RECAP :: Oteil and Friends on January 16, 2018 at Brooklyn Bowl New York

Posted on Thursday January 18th in

The word is “beatific” — blissfully happy — and there may be no better way to describe Oteil Burbridge when he’s deep in a state of music making.

The resume speaks for itself. The Allman Brothers Band. Aquarium Rescue Unit. Zac Brown Band. Vida Blue. Gov’t Mule. Victor Wooten. Tedeschi Trucks Band. BK3. His own Oteil & The Peacemakers. And, of course, his current assignment in Dead & Company. What was fascinating about Tuesday’s splendid Brooklyn Bowl show was that it had a little of everything that makes Oteil, Oteil: a widely acknowledged legend of the bass guitar but as a musician and person, warm, giving, down-to-earth, and deeply musical without any one adjective or descriptor to pin him down.

Joining him was a band of aces — guitarists Scott Metzger and John Kadlecik, keyboardist Melvin Seals, percussionist Weedie Braimah, drummer Jay Lane, vocalist Alfreda Gerald — and the focus was good, groovy jams, and a catholic embrace of Oteil’s full range of styles, influences, and associations. There were two sets, some grabs from Oteil’s recent solo album “Water in the Desert,” and songs from the Grateful Dead, Allmans, the Jerry Garcia Band catalog, the Staples Singers, The Isley Brothers, CCR-by-way-of-Tina Turner, even a John Kadlecik original, most of them shot through with funk, soul, R&B, boogie, good vibes. They had big smiles, playing away in an unhurried atmosphere that got cooking quickly but didn’t rush to get there.

Everyone had multiple chances to shine. The smoldering soul of Oteil’s own “Water in the Desert” went from barroom to church as soon as Seals leaned hard into a gospel-y organ solo; he’d do it many other times throughout the night. Metzger — hot off a scorching weekend with Joe Russo’s Almost Dead — tried on all kinds of textures, from metallic shredfest to greasy boogie, slaying his standout moments in “Deep Elum Blues,” “It Hurts Me Too” and “Tangled Up In Blue.” Kadlecik was a typical marvel, leading the team through “Reuben & Cerise,” his own boogie-ing “What’s Become of Mary” and “Scarlet Begonias.” The drum corps of Lane and Brahmah rose to the challenge of quickly shifting styles, locking in with the mighty Burbridge as the band to rock up and simmer down as needed. And Gerald — whoa! The longtime Burbridge pal is a powerhouse vocalist, lighting up the room especially with Janis Joplin’s “Piece of My Heart,” the Staples’ “I’ll Take You There,” and a pair of showcases in the Aretha-style airing of “The Weight” and the evening’s sparked-up encore, “Proud Mary.” They all came together for a magnificent “Eyes of the World” excursion to start the second set — swirling, bouncing, starry-eyed, deeply grooving, with standout moments for every member of the ensemble over a luxurious 20 minutes.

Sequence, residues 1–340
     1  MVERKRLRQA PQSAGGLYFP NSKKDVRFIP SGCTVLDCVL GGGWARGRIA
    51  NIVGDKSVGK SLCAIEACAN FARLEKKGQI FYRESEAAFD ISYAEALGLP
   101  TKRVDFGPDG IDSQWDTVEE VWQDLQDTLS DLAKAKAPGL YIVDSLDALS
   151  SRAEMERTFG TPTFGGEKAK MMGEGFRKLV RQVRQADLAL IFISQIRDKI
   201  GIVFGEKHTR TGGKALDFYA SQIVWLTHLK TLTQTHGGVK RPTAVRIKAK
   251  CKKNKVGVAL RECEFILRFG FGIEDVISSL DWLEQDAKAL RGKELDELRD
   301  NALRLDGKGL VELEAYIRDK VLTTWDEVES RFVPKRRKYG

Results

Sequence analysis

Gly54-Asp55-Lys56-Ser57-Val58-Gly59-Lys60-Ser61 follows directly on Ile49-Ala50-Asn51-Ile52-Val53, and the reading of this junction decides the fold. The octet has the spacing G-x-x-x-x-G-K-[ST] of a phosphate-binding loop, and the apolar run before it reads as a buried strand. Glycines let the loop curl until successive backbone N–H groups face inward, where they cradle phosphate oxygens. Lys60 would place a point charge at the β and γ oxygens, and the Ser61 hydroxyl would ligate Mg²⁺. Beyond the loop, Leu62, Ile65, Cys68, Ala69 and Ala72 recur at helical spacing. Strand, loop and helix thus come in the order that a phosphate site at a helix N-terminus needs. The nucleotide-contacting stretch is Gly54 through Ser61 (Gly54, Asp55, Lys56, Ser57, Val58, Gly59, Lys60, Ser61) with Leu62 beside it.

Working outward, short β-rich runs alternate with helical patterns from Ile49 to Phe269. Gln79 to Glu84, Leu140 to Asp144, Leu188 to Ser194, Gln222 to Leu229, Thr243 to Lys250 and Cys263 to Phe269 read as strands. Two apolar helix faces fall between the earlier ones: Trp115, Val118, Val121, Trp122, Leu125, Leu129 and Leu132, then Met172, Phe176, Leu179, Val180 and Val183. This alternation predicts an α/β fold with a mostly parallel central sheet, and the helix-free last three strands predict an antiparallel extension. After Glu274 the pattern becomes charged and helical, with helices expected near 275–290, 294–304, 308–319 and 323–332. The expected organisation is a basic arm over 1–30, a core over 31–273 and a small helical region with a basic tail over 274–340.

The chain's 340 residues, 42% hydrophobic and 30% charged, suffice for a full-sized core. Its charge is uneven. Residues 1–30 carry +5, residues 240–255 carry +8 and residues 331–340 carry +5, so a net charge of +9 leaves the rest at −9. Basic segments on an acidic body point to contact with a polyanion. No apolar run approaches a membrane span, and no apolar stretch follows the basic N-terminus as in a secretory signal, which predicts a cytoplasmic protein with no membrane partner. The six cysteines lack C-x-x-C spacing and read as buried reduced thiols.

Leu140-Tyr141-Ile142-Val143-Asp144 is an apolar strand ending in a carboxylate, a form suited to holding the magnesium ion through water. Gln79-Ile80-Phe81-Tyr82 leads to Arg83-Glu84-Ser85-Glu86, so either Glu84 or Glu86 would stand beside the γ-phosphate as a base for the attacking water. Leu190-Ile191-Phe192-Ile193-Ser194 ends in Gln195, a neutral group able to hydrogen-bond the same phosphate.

It was unquestionably Oteil’s band, but the grinning wizard was just as happy to hang back, content in knowing he could take a ride with a few musical pals and not even have to turn on a GPS, let alone drive the whole time. Even when he claimed heartfelt lead vocal turns — “If I Had the World to Give” in the first frame, “So Many Roads” in the second — none of this looked like work.

Set 1: Water in the Desert, Deep Ellum Blues, Leave My Blues at Home, Reuben & Cerise, If I Had the World to Give, What’s Become of Mary, It Hurts Me Too, Piece of My Heart

Set 2: Eyes of the World > drums > bass > Eyes of the World > It’s Your Thing, Scarlet Begonias > Sugaree > I’ll Take You There, Tangled Up in Blue, So Many Roads, The Weight, Run for the Roses

Encore: Proud Mary
Words by Chad Berndtson

Photos Courtesy of Lou Montesano :: Instagram: @stillrockphotos

Photos Courtesy of Matt Heasley :: Instagram: @mattheasleyphotography


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